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Angular momentum operators and eigenfunctions

  1. May 3, 2014 #1
    1. The problem statement, all variables and given/known data

    yVt5RSm.png

    2. Relevant equations



    3. The attempt at a solution

    I have tried inserting the first wavefunction into Lz which gets me 0 for the eigenvalue for the first wavefunction. Is this correct?

    For the second wavefunction, I inserted it in to Lz and this gets me -i*hbar*xAe^-r/a which is not equal to an eigenvalue*Ay*e-r/a, although I am not sure if this is the correct justification.

    Any help is much appreciated, thank you.
     
    Last edited: May 3, 2014
  2. jcsd
  3. May 3, 2014 #2
    Seems right to me.
     
  4. May 3, 2014 #3
    I'm also stuck on how to convert the wavefunctions into spherical polar coordinates, having tried to use the formula for spherical polar coordinates, I notice that the wavefunctions do not depend on the variables phi and theta, so I am unsure on how to approach the first problem.
     
  5. May 3, 2014 #4

    BvU

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    Hello fan, and welcome to PF.

    You get 0 for ##\Psi_0## because it is symmetric under rotations around the z axis: there is no angular momentum. So I think you are right. It is an eigenfunction.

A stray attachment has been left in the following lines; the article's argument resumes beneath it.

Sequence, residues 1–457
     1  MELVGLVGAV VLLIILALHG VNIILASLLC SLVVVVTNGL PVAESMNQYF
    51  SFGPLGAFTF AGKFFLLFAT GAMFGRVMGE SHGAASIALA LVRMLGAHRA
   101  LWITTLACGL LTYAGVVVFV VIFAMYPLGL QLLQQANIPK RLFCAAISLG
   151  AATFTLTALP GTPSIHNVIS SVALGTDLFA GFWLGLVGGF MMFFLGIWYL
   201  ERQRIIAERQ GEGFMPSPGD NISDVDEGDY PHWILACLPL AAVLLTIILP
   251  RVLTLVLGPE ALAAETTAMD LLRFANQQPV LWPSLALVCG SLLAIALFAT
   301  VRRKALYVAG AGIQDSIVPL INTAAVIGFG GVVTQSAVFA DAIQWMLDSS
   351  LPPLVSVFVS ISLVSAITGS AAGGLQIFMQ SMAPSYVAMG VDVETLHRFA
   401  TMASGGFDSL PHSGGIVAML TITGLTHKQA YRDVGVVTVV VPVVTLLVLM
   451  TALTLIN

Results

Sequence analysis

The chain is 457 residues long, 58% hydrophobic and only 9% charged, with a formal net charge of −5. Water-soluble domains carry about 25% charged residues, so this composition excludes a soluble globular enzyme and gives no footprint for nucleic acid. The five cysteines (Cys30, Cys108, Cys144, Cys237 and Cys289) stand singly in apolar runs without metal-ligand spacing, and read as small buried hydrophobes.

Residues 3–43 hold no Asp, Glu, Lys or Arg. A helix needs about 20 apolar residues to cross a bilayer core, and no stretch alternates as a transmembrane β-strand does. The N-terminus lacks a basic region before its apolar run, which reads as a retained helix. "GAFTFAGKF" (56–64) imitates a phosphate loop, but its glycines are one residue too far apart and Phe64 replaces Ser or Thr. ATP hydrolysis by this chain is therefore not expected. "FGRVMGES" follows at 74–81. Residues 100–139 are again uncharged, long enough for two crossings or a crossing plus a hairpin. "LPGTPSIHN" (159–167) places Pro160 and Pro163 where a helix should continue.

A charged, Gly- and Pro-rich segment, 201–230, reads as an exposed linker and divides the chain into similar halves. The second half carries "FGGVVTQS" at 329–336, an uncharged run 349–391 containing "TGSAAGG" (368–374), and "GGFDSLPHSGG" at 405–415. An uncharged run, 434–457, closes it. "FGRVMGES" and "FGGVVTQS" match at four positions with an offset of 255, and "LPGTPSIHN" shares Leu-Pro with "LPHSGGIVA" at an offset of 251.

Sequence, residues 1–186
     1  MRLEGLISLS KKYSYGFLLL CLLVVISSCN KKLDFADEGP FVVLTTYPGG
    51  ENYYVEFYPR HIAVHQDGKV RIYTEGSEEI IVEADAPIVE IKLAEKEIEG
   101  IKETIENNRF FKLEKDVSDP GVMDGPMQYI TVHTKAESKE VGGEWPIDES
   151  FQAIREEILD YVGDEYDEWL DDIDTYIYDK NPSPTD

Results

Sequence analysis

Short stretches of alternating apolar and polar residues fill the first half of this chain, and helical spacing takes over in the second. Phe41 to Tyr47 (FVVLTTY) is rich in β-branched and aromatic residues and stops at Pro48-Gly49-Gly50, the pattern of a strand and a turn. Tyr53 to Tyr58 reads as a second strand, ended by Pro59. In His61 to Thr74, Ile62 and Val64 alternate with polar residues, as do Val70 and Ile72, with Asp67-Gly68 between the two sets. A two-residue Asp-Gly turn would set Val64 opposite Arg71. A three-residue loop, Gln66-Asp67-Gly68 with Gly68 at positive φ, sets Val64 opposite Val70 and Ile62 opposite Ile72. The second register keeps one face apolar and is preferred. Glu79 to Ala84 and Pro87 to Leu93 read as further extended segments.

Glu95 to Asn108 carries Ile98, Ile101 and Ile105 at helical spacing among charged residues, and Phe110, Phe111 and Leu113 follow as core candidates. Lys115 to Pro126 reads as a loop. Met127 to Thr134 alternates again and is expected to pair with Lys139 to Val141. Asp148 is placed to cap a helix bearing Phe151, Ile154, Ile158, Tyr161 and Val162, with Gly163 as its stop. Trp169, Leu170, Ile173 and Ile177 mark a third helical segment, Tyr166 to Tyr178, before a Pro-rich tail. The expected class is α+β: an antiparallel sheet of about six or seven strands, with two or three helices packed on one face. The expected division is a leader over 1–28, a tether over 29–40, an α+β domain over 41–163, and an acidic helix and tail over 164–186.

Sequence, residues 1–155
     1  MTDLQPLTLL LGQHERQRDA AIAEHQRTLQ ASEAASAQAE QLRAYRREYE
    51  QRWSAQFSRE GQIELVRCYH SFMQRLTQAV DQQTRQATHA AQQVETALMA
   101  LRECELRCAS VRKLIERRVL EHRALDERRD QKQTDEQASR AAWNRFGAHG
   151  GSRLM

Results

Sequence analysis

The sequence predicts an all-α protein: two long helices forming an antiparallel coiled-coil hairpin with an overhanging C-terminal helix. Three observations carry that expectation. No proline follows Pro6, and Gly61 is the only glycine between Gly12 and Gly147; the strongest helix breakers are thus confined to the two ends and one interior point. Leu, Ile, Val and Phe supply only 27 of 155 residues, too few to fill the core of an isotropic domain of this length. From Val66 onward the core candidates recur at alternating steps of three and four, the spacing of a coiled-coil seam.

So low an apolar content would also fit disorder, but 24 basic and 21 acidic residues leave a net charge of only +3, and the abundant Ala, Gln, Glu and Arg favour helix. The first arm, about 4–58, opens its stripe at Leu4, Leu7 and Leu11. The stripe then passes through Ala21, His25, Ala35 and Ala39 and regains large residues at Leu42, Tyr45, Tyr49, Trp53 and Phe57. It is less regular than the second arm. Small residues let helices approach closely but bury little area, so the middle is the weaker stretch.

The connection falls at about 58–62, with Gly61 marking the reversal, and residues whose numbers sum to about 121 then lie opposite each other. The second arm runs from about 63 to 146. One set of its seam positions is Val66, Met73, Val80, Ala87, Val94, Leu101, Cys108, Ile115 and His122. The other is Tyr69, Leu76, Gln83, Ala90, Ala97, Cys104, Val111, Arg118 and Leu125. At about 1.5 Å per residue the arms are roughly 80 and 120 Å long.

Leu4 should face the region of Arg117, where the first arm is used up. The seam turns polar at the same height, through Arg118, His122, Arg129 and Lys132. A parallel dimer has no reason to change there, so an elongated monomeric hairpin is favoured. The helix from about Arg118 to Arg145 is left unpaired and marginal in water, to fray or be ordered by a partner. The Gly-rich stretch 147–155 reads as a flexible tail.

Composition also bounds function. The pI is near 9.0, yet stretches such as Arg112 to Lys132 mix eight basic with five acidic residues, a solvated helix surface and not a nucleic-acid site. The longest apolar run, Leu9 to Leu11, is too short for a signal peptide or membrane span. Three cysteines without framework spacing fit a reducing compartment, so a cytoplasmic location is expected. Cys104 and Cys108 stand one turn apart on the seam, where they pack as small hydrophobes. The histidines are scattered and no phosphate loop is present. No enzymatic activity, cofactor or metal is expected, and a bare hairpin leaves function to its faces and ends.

For ##\Psi_1## you basically want to show that ##{\bf L}_z \left( \Psi_1 \right ) = L_z\, \Psi_1 ## with ##{\bf L}_z## the operator and ##L_z## an eigenvalue (i.e. a number, possibly complex), has no solutions.

    You may assume |A| is not equal to zero (because of the normalization) so the eigenvalue zero is already excluded. So if you multiply the right hand side from the left by ##\Psi_1^*## and integrate, that yields ##L_z##, which is nonzero.

    Do the same thing with the lefthand side and show that it does give zero. That way you prove that the assumption that ##\Psi_1## is an eigenfunction leads to a false equation.
     
  6. May 3, 2014 #5

    BvU

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    With ##z = r\cos\theta## you sure have a theta dependence!
     
  7. May 3, 2014 #6

    BvU

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    But the exercise wants you to write out the z-component of the operator cross product ##{\bf r} \times {\bf p}##, not the wave functions!
    [edit] sorry, it wants you to do both. In the first part the Lz, later on the ##\Psi##
     
  8. May 3, 2014 #7
    That has really cleared things up, thank you!
     
    Last edited: May 3, 2014
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